2. I don’t know why, but when I was growing up I thought Watford City was MUCH bigger than my hometown (Bowman). I haven’t been back since the boom began – I can’t wait to come back home next year and see all the changes. Some for better and some not, I’m sure; but great opportunities are there right now.

  3. I love your blog and pictures.

    Wanted to comment since I’ve just moved from Seattle to a small town of 1600 in E. Washington, part of it because of job loss situation the other part we fortunately own a cool old building here. Can’t imagine the quick changes that the oil industry will bring to your community but totally appreciate the work opportunities and the life it will bring to your town. Our town was once thriving and important in the Wheat industry and now slowing losing population. I wish we had your problem/opportunity! It’ll be very interesting to follow your notes as this progresses.

  4. I know guys who are up there working and talking about the weather they have to live in. They are all from Texas and a bit overwhelmed. Great perspective. I really liked the lost photo of the dried plant with a derrick in the background. Well done!

  5. Love the photos! I was born in Watford City and we go back for school reunions being my mom was class of 82, very shocking how much it has changed and hearing about whats going on there.

  6. How is the one-eyed pug handling the stress of change and growth? Haven’t seen a shot of him in a while, kind’a miss him. (hint, hint)

  7. I can empathize with you. Although we hate to make room for something noisy, smelly, and ugly, it’s kind of you to think of the other side of the coin. My husband my have to visit this new ‘boomtown’ as his work is drying up here in KC. Although living in ND would be a dream come true for us contry folk, I can appreciate those invisible ‘no tresspassing’ signs as the gold-rush of sorts overtake your home. There are folks from our neck of the woods that are in your neck of the woods even now. Will we become a migrant society I wonder?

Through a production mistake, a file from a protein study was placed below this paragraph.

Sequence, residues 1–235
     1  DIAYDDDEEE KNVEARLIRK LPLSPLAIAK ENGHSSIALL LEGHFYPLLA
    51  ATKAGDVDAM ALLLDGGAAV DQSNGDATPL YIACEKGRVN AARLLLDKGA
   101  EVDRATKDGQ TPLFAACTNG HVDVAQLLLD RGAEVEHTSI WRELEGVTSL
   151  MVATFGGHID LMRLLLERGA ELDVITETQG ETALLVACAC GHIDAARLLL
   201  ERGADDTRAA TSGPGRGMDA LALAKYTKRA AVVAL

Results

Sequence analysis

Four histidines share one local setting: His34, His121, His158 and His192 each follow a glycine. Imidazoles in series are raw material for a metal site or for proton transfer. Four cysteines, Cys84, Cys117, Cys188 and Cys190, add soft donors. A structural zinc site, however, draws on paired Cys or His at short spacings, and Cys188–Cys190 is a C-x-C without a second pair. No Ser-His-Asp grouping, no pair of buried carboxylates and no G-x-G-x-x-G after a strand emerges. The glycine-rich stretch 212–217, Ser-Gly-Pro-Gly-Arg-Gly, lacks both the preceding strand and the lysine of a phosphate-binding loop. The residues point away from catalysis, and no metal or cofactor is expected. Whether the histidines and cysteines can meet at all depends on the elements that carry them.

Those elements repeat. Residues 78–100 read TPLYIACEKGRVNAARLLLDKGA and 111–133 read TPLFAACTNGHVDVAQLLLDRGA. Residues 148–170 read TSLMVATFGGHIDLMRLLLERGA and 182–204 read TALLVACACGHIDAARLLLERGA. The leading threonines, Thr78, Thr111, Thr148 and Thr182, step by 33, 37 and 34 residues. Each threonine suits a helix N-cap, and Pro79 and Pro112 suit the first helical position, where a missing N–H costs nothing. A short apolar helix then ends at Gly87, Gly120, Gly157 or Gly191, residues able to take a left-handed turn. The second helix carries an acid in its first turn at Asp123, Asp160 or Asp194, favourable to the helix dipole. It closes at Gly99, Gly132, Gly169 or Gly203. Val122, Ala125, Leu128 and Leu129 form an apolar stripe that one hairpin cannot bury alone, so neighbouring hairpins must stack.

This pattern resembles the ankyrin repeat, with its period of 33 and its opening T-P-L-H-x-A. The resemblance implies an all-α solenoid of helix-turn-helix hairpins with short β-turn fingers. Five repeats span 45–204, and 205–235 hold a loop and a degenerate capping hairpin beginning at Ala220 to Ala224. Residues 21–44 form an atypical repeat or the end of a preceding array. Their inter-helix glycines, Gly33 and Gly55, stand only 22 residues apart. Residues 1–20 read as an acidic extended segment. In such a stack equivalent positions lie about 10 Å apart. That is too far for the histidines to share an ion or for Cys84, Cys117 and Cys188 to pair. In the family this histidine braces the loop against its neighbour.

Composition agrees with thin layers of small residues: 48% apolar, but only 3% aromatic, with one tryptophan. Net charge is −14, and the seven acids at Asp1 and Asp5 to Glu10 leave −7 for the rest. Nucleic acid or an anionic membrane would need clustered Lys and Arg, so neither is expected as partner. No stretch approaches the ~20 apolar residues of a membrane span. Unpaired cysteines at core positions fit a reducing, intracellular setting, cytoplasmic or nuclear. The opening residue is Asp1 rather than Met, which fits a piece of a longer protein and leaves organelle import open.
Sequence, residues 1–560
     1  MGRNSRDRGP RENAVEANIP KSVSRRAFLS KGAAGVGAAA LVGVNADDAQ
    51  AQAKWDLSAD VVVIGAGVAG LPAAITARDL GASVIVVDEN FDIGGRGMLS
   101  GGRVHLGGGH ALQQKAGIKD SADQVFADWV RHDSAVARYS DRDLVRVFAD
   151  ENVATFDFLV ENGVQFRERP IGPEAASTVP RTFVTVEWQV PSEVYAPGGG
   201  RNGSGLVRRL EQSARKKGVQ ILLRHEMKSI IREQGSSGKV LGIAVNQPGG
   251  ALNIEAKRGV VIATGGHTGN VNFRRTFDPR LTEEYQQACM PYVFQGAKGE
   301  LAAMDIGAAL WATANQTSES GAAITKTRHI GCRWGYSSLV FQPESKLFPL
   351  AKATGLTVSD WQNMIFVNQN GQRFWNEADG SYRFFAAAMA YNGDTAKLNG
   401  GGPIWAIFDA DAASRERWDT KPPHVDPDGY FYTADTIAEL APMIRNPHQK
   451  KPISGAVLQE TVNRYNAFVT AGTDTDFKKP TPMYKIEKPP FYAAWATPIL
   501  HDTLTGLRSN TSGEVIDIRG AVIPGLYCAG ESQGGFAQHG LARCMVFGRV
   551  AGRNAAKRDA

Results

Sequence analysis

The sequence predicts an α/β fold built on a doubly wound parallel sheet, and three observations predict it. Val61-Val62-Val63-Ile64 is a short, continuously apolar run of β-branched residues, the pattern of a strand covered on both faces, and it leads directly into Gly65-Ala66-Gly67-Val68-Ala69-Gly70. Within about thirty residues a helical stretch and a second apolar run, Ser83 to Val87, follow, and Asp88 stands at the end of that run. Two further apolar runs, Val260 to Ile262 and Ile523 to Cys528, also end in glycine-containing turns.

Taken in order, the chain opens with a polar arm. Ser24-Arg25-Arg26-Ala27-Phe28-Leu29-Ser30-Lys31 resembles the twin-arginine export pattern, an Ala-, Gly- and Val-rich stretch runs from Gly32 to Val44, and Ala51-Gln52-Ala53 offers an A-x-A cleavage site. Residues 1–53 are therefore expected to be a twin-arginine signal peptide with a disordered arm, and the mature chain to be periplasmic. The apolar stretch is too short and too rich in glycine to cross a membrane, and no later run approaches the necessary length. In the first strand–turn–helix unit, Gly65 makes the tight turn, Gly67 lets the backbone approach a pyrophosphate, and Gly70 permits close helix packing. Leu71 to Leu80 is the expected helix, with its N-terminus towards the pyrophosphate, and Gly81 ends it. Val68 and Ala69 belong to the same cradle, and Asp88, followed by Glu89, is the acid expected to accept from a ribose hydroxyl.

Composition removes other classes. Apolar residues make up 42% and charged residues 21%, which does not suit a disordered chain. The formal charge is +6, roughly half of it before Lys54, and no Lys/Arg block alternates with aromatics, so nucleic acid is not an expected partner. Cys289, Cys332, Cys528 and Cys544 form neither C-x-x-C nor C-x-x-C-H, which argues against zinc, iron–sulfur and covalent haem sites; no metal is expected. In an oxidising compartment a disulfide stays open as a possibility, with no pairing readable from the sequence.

8. Jesse loved the new tune! Thank you for sharing a positive perspective on what otherwise has been very difficult for me to wrap my mind around. Kids moving home and finding new opportunities is a grand thing. They actually may have a place to live 🙂

  9. Such a great perspective- and it brings up a question for you. I’ve got a brother who is very interested in your boomtown. He grew up on a Wisconsin farm, milking cows for the neighbors, then went out to TX for a degree in business. He was pretty disillusioned with the corporate world though, and wants to head out for one of those jobs in your parts. He said the biggest barrier is finding a place to live. Do you happen to know anything about that? Any advice would be appreciated. Thanks, Kate

    • Hi Kate, tell him to visit to learn more about our community. Right now the best bet for housing is to speak with the company that hires you to try and figure something out, whether temporary or long term many companies are taking the housing issue into their own hands by either purchasing or building rental units to make them available to their employees. The other best stop shop for jobs is

      Good luck to him. There are many more southern accents up here these days. Hope they packed their sweaters 🙂

  10. Thank you for taking time to put your thoughts into written word. A population boom is going on around you …. and your response is deep compassion for all those who are coming to find work.

    In today’s New York Times, there’s a story about the gritty reality of the dynamics of so many people arriving in North Dakota so quickly. Reading Boomtown and the Times article made me think about the history of the North Platte Canteen. It, too, is a story about compassion, about one small Nebraska town’s response to the arrival (and quick departure) of 6 million service women and men there, during the course of World War II.

    Your voice, responding to ND’s experience now, and the voices of the North Platte Canteen volunteers are like one voice. Compassion cannot alleviate all the challenges, but compassion does put things into a workable, hopeful perspective.

    Again, thank you for writing. Mike